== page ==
Health Disservice:

We Spend More on Health Care. Where Has it All Gone?
Listener: 12 April, 1997.

The great twentieth philosopher, Karl Popper advised scientists to be aware of how the scientific problem with which they are concerned changes over time. The same applies to policy advisers. Policy problems change, so the unaware adviser or politician may be trying to resolve an outdated issue.

Why, for instance, do we keep spending more on health? There are some standard truisms, which give partial answers. The population is aging, and an older population requires more health care. New diseases – spectacularly AIDS – have appeared. We also spend to cover inferior life styles. The effects of the big increases in tobacco consumption of half a century ago are still working their way through the medical system. New technologies are more expensive.

We are also getting more health gain from the extra spending. Fifty years ago life expectation was 69 years, today it is nearer 76 years. We could justify the additional expenditure in terms of the 9 additional years of life (although medicine is not the only factor in the prolongation). But that would miss the point. Today much of medical care is not concerned with saving (or prolonging) life. It is concerned with making life more comfortable, of enhancing life.

Put this way, the point is obvious, but I am not sure that we have incorporated it into our health care policy thinking. The standard image of what the medical system provides is – say – treatment for an inflamed appendix. If the treatment is not provided the complications can cause death. On the whole the system deals with emergencies reasonably well. But an increasing proportion of spending on health care – on the elderly, the disabled, the mentally unwell, even physician’s and surgical care in hospitals – is more about improving the quality of life than extending its quantity. Of course a better quality of life will often prolong life, but there is health care which would not make that claim. Hospice care for someone dying of, say, cancer, may not actually prolong life. The aim is to make the patient as comfortable as possible, and to enable friends and family to adjust to the death. But even if hospice care does not prolong life, most people would still consider it an appropriate activity for the medical system.

Other examples are less clear cut, but the principle is clear. Medicine does not just save lives. Often it makes living more tolerable. This change has crept upon us, without careful thought about its implications. Fifty years ago, when we were fashioning the public health system as we know it today, the expression “elective surgery” did not even appear in the Shorter Oxford Dictionary. Today the term is so familiar it appears in the much smaller Concise Oxford Dictionary. But if in principle we distinguish between emergency surgery which saves lives, from treatments which improve lives, we still tend to treat all waiting lists for surgery as of equal importance. This is not to say that early elective surgery is valueless. Sometimes great pain is relieved by it. But conceptually it raises different issues from our traditional notions of surgery which underpin our accounts of proper health policy.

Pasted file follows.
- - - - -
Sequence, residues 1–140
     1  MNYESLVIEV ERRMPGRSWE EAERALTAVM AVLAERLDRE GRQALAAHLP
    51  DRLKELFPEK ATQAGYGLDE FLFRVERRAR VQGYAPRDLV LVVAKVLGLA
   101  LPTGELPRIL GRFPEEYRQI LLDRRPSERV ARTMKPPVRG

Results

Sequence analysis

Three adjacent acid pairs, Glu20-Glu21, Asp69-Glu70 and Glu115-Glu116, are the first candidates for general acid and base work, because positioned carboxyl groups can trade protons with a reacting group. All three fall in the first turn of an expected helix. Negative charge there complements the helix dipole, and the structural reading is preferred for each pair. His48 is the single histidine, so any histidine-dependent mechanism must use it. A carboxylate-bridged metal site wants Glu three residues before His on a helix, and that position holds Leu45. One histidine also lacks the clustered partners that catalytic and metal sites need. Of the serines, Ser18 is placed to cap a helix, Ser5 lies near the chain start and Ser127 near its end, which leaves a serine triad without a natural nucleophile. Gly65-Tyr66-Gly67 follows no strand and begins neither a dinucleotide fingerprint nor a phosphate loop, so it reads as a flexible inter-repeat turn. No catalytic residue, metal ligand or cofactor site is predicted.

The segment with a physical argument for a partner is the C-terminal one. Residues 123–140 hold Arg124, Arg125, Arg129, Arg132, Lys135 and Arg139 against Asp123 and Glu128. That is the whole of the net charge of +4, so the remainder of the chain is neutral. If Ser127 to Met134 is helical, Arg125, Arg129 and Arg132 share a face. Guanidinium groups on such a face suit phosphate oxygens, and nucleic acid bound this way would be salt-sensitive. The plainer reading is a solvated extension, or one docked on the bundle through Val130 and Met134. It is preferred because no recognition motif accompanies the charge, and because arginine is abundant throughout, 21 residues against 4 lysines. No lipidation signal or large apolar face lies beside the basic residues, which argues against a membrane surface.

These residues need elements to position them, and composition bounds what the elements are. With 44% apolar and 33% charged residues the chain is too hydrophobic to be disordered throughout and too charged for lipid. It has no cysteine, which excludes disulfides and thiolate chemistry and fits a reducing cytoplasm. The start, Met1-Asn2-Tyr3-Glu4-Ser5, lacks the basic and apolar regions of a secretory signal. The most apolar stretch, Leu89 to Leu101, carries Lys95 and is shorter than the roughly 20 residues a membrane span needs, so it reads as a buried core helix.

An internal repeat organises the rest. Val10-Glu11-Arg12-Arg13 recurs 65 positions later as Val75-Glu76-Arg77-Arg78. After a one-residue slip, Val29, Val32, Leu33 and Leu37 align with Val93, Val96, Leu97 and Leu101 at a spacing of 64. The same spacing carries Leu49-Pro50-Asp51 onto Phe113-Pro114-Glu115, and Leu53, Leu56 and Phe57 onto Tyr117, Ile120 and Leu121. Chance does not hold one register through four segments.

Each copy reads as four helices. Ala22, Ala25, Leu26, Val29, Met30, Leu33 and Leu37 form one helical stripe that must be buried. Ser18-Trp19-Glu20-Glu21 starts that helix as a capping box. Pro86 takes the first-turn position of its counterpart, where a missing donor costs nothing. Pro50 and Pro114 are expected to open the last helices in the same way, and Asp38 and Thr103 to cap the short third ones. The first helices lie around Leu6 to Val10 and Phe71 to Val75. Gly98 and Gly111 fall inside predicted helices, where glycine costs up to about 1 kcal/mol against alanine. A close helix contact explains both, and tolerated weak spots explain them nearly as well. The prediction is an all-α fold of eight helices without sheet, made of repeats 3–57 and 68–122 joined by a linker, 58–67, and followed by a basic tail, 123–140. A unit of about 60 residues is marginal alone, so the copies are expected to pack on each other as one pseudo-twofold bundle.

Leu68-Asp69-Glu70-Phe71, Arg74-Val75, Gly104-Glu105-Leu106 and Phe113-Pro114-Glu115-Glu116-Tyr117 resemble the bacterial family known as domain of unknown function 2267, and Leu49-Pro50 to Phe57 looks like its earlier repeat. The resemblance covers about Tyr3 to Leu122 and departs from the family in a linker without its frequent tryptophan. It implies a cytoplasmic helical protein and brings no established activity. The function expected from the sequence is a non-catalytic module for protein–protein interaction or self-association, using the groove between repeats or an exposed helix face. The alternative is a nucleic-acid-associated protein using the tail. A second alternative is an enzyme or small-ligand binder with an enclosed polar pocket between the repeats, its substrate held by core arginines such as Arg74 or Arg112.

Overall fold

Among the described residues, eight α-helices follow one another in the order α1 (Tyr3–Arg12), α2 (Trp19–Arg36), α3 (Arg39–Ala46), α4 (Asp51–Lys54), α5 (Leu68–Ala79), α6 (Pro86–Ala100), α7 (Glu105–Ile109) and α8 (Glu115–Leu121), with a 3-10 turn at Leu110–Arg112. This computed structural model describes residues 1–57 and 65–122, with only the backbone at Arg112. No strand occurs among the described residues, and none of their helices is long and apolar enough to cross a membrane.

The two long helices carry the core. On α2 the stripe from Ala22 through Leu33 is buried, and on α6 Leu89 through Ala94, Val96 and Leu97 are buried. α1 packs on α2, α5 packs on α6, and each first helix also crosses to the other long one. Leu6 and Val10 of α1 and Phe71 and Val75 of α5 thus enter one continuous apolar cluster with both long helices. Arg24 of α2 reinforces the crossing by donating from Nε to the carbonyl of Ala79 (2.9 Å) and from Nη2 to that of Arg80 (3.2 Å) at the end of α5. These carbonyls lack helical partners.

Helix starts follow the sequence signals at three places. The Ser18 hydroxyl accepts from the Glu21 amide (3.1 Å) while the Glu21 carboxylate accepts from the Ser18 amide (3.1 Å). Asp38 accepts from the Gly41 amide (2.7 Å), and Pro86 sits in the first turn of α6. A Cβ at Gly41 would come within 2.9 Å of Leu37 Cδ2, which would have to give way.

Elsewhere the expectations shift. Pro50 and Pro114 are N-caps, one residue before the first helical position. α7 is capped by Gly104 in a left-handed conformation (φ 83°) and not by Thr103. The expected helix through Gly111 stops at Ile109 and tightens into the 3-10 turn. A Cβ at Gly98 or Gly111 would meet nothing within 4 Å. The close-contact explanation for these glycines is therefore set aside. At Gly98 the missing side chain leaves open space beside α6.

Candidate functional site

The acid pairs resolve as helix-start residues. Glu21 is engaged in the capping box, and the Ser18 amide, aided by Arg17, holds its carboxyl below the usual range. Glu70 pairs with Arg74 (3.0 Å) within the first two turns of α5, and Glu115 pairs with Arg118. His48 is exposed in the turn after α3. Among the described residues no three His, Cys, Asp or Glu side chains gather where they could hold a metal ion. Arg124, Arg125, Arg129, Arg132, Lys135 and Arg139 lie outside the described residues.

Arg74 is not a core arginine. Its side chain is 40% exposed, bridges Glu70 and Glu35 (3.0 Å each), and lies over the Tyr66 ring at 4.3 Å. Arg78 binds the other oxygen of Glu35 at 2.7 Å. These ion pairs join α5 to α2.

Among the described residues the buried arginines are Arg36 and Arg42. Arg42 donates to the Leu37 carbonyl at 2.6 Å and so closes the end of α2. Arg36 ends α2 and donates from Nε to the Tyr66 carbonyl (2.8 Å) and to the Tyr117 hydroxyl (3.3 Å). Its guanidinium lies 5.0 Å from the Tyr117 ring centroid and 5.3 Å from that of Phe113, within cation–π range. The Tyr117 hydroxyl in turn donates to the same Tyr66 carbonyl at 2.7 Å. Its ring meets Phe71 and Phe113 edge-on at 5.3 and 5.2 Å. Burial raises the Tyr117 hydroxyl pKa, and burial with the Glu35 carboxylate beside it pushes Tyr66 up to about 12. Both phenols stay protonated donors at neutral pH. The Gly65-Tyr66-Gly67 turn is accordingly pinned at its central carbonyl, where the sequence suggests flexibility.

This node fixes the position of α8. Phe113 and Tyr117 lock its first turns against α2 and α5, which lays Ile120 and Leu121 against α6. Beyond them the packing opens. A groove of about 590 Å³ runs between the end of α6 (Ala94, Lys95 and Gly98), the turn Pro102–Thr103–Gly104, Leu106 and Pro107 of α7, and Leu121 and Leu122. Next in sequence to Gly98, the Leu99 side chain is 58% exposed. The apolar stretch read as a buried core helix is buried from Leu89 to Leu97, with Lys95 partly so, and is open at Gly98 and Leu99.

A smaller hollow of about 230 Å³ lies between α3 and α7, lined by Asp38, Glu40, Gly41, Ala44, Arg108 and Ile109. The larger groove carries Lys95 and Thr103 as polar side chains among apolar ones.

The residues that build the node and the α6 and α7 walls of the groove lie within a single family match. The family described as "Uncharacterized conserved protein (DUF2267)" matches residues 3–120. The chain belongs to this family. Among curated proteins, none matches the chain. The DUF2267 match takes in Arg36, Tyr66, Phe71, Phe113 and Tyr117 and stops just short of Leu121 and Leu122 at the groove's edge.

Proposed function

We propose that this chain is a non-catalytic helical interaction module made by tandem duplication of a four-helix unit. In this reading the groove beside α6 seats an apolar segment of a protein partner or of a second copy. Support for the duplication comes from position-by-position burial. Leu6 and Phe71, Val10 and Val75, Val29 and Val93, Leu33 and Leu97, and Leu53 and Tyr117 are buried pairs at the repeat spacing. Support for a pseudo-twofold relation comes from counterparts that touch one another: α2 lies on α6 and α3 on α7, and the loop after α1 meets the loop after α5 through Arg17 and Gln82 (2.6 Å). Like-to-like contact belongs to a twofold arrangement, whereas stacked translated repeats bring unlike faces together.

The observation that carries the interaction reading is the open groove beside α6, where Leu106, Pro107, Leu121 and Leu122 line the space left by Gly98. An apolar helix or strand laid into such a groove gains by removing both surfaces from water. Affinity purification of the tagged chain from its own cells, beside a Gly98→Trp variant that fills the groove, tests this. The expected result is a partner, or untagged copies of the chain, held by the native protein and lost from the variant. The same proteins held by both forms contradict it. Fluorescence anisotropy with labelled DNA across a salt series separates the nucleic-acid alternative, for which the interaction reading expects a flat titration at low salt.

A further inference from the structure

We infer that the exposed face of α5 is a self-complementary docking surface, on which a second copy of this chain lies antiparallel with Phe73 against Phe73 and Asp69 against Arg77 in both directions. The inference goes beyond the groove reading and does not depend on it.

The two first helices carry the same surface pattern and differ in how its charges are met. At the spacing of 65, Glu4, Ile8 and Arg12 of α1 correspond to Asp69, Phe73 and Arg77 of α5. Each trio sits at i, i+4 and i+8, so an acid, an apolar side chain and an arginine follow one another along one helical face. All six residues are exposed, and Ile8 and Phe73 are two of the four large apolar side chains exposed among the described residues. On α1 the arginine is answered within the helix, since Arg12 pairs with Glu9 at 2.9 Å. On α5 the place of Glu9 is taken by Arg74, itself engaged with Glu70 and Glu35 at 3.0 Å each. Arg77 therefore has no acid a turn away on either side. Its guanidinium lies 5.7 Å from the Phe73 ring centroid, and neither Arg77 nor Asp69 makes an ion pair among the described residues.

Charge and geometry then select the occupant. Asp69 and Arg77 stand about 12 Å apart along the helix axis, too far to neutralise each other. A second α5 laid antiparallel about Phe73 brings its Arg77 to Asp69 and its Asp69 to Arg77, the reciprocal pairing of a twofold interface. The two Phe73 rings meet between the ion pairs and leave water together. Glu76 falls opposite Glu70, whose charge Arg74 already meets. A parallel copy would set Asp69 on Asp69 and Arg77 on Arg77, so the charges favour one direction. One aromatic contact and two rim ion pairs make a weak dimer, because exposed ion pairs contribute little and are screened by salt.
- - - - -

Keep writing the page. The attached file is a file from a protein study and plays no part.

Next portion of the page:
Our society tolerates quite wide differences in life comfort. Some people eat well, live in luxurious houses, experience varied and entertaining lives in interesting and socially respected jobs, while others have only access to poor diets, inferior housing, limited recreation, and a series of low quality jobs interspersed by depressing bouts of employment. It would be easy to extrapolate from here and ask why the state should provide the elderly poor with a hip replacement surgery? It did not provide much support when the person was younger.

I have not the space here to discuss whether all such social inequalities are unacceptable (although I insist they have increased in the last decade). Addressing only the health area, I want to suggest we are faced with a policy issue which is not a matter of whether we provide life saving treatment to all those in need, but to what extent we provide life enhancing care. Obviously we cannot provide all the care to make everyone as comfortable as possible (any more than we do that for their food, housing, and recreation). So we might have a public policy strategy which aims to keep everyone to a minimum degree of attainable comfort.

This is not as radical as it as first sounds. The 1991 health system reforms included a proposal that there would be a defined core of health care to which we would all be entitled from the public system. Despite the then minister, Simon Upton, saying this core was crucial for the reforms he was implementing, there is still no defined set of such entitlements. The committee charged with identifying it found the task too hard. (Instead of admitting their incompetence and resigning, they redefined their purpose. No wonder the health reforms have collapsed.) Yet the issue remains. What are we entitled to from the public health system, not just in terms of life saving treatments. but life enhancing ones?